COP25: It’s time for action and it’s time for energy storage
Battery energy storage is being one of the main topics in relation to energy transition addressed during the COP25 these days at IFEMA in Madrid. The world’s headquarter leaders have met to conclude the last issues of the Paris Agreement, and energy storage systems will be key to allow clean energy to grow. We are dealing with a technology that solves the intermittency of renewable energies and grid stability. Although solar and wind energy are the two most attractive and profitable forms of clean energy generation, both highlight a problem that fossil fuels do not have: uninterrupted production. When a switch or television is turned on, the reaction is immediate and we expect it never, or nearly ever, fails. However, if we only depended on solar or wind production, when a cloud covered the sun or the wind stopped blowing in an area of windmills, production valleys would occur. In the same way, when the cloud passes and the wind resumes, production peaks would come into the grid.
Renewable energies are the unique future and their introduction into social life is increasing day by day, as well as the dismantling of our current model of energy generation, which seemed to be the alternative to manage these peaks and valleys of production. Today, batteries are asserting themselves as the great allies against climate change for several reasons:
- They improve the performance of renewables and strengthen their penetration.
- Allow a smoother and safer transition from fossil fuels to renewable energies.
- Solve the production interruption problem.
- Turn increasingly cheaper to manufacture.
- New raw materials, in addition to lithium, increase their useful life.
- Installation costs are decreasing.
Lithium-ion batteries have changed our lives and could be the key to completely change the ecological landscape and take care of the planet in rlation to energy use. The 2019 Nobel Prize in Chemistry was awarded to the American John B. Goodenough, the British Stanley Whittingham and the Japanese Akira Yoshino for, according to the Royal Swedish Academy of Sciences, “laying the foundations for a society without cables and free of fossil fuels”. Curiously, in the same month, the population of North Carolina increased investment in solar energy and storage systems after the blackout due to continuous fires in the area. Those who have experienced the consequences of a grid disruption can say that batteries are the quickest, easiest and thus best solution. According to information published by The Economist, the last budget approved by the U.S. Department of Energy amounted to 28 million dollars, compared to 150 million dollars of investment for carbon extraction.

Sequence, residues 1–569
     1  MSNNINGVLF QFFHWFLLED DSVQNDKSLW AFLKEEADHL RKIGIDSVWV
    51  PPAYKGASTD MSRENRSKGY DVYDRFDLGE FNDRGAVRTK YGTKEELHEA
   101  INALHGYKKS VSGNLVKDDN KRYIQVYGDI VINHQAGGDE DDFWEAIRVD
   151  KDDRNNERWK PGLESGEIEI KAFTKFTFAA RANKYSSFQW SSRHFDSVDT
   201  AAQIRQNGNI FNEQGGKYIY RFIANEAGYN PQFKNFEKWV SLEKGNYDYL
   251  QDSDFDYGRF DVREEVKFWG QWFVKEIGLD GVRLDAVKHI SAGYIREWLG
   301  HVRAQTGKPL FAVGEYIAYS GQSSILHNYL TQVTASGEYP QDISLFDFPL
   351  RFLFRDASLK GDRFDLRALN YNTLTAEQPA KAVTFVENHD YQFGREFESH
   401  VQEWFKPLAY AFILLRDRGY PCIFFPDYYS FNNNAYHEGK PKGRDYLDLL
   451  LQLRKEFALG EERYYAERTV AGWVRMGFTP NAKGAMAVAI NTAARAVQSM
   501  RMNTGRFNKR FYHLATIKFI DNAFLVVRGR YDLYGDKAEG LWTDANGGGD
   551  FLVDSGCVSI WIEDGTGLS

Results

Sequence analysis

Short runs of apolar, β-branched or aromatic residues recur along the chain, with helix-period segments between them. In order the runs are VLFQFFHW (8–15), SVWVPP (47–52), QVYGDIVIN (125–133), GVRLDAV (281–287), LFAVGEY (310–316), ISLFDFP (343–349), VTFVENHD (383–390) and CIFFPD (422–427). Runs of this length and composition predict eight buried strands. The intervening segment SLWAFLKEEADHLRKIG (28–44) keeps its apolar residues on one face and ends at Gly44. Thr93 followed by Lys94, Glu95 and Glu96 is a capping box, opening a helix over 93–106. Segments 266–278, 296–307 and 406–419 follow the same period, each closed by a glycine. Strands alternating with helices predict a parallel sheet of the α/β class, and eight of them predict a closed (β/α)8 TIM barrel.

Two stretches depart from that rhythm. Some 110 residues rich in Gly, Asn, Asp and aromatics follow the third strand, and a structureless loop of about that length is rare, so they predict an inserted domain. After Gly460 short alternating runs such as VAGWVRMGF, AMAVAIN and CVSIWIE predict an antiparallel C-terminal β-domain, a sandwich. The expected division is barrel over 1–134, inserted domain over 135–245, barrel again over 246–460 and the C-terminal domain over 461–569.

The use of storage systems has a series of advantages that support the decarbonization of the current energy production model. In fact, the dependence that renewable energy projects have on them is growing at the same rate as the requests for grid connection of PV plants and wind farms. According to the latest report from The European Association for Storage of Energy (EASA), as part of the solution, “the energy storage deployment can facilitate the transition to a zero-emission net energy system by 2050 in many ways”. By enabling a greater share of variable renewable energy sources (vRES) in the energy mix, while reducing vRES curtailment in times of oversupply; by supporting electrification of the heating, cooling, and transport sectors as well as the connection of the electricity and gas sectors; by supporting secure, cost-effective, and efficient operation of the grid by providing key flexibility services at all levels of the energy system, including transmission and distribution; or by allowing active consumers to optimise self-consumption and/or provision of grid flexibility services, among others.
As a conclusion, we can say that battery storage technologies are constantly evolving, as scientists and engineers work to find cheaper, safer, lighter and more flexible and powerful energy storage solutions, their systems are becoming more widespread and experts are predicting longer utility ranges and shorter charging times through innovations in batteries and inverters.